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The sarcoplasmic reticulum (SR) is central to intracellular Ca 2+ regulation during excitation–contraction (E-C) coupling in mammalian cardiac tissue. The importance of the SR to E-C coupling in lower vertebrates is less certain. This uncertainty can be attributed, in part, to the temperature-dependency of the SR Ca 2+-release channel and to interspecific(More)
Ultrastructure, molecular composition and electrophysiological properties of cardiac myocytes and functional characteristics of the fish heart suggest that cycling of extracellular Ca(2+) is generally more important than intracellular cycling of Ca(2+) stores of the sarcoplasmic reticulum (SR) in activating contraction of fish cardiac myocytes. This is(More)
Bluefin tuna have a unique physiology. Elevated metabolic rates coupled with heat exchangers enable bluefin tunas to conserve heat in their locomotory muscle, viscera, eyes and brain, yet their hearts operate at ambient water temperature. This arrangement of a warm fish with a cold heart is unique among vertebrates and can result in a reduction in cardiac(More)
Rainbow trout, Oncorhynchus mykiss, inhabit eurythermal environments and must therefore be able to cope with changes in environmental temperature. As ectotherms, their heart is required to maintain cardiac function over a range of ambient water temperatures. This raises important questions concerning the temperature-dependence of cardiac ion channel(More)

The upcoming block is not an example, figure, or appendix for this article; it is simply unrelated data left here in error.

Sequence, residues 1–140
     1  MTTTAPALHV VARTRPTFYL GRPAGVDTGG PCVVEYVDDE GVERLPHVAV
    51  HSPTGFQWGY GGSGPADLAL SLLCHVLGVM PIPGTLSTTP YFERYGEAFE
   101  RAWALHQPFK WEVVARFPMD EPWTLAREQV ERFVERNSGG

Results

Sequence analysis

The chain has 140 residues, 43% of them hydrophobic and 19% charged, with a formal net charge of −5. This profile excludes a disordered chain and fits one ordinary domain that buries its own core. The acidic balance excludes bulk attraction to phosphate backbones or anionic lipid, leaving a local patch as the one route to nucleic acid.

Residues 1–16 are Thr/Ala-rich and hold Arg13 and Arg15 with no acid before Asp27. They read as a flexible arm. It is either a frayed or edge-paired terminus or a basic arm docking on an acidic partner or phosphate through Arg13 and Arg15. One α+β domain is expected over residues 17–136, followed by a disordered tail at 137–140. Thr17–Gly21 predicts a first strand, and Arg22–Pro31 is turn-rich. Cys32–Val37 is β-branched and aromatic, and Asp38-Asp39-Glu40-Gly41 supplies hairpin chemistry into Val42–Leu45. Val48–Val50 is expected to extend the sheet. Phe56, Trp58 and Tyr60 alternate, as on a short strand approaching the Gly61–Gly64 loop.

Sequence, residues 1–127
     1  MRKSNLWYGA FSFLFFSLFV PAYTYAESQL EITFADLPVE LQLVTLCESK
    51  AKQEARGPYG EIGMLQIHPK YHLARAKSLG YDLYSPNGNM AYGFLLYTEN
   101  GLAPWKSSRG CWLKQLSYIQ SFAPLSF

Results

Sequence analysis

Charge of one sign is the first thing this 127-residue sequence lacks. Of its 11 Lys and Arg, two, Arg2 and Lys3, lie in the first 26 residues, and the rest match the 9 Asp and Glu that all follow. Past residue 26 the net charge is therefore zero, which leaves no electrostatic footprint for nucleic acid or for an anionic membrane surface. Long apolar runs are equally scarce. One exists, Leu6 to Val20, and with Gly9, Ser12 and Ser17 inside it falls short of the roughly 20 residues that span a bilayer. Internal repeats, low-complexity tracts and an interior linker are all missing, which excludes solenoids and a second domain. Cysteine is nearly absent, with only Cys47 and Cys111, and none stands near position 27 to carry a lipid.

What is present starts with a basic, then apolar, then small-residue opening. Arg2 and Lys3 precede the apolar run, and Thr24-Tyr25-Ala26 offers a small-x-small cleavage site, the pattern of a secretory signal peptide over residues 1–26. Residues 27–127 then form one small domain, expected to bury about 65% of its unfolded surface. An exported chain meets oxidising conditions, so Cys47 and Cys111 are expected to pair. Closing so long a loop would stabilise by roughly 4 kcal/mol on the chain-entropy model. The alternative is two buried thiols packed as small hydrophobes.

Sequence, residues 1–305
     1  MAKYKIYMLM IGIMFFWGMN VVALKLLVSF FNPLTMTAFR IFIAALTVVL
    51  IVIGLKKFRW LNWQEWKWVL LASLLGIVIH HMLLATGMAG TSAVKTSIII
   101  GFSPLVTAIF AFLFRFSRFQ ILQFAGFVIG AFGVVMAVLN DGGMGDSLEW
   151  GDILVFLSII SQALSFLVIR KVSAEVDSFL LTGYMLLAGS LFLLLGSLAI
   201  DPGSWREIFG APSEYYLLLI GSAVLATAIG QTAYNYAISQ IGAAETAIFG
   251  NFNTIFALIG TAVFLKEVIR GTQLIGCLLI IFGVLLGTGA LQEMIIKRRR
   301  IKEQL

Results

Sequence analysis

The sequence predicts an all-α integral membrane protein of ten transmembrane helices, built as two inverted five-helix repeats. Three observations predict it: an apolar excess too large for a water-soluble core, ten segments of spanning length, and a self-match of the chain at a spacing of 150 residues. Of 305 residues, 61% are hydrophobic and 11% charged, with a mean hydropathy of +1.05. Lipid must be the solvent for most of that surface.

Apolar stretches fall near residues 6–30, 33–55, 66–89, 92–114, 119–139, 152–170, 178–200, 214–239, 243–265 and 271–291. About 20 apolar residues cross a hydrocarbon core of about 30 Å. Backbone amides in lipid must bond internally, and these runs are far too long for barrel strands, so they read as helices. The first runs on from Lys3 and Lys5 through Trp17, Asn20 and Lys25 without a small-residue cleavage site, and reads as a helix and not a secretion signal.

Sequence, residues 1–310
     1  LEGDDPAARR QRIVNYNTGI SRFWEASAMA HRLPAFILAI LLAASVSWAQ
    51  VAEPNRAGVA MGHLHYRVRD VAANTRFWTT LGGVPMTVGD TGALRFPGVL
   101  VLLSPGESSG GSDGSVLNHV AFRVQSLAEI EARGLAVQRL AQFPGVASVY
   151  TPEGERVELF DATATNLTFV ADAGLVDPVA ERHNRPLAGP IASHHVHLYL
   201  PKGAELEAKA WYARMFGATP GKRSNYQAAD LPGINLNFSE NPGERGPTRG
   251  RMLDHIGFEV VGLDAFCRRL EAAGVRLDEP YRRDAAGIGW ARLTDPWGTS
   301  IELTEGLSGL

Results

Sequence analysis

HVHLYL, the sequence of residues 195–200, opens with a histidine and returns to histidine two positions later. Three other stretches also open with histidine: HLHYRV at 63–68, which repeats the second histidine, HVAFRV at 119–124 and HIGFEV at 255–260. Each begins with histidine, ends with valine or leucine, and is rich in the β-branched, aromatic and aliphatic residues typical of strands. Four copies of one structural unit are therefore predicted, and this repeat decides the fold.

The burbot (Lota lota) is a cold stenothermic fish species whose heart is adapted to function in the cold. In this study we use whole-cell voltage-clamp techniques to characterize the electrophysiological properties of burbot ventricular myocytes and to test the hypothesis that changes in membrane currents and intracellular Ca2+ cycling associated(More)
The sarcoplasmic reticulum (SR) is crucial for contraction and relaxation of the mammalian cardiomyocyte, but its role in other vertebrate classes is equivocal. Recent evidence suggests differences in SR function across species may have an underlying structural basis. Here, we discuss how SR recruitment relates to the structural organization of the(More)
Confocal microscopy was used to investigate the temporal and spatial properties of Ca(2+) transients and Ca(2+) sparks in ventricular myocytes of the rainbow trout (Oncorhynchus mykiss). Confocal imaging confirmed the absence of T tubules and the long ( approximately 160 microm), thin ( approximately 8 microm) morphology of trout myocytes. Line scan imaging(More)
Numerous studies have examined the effect of temperature on in vivo and in situ cardiovascular function in trout. However, little information exists on cardiac function at temperatures near the trout’s upper lethal limit. This study measured routine and maximum in situ cardiac performance in rainbow trout (Oncorhynchus mykiss) following acclimation to 15,(More)
The zebrafish is widely used for human related disease studies. Surprisingly, there is no information about the electrical activity of single myocytes freshly isolated from adult zebrafish ventricle. In this study, we present an enzymatic method to isolate ventricular myocytes from zebrafish heart that yield a large number of calcium tolerant cells.(More)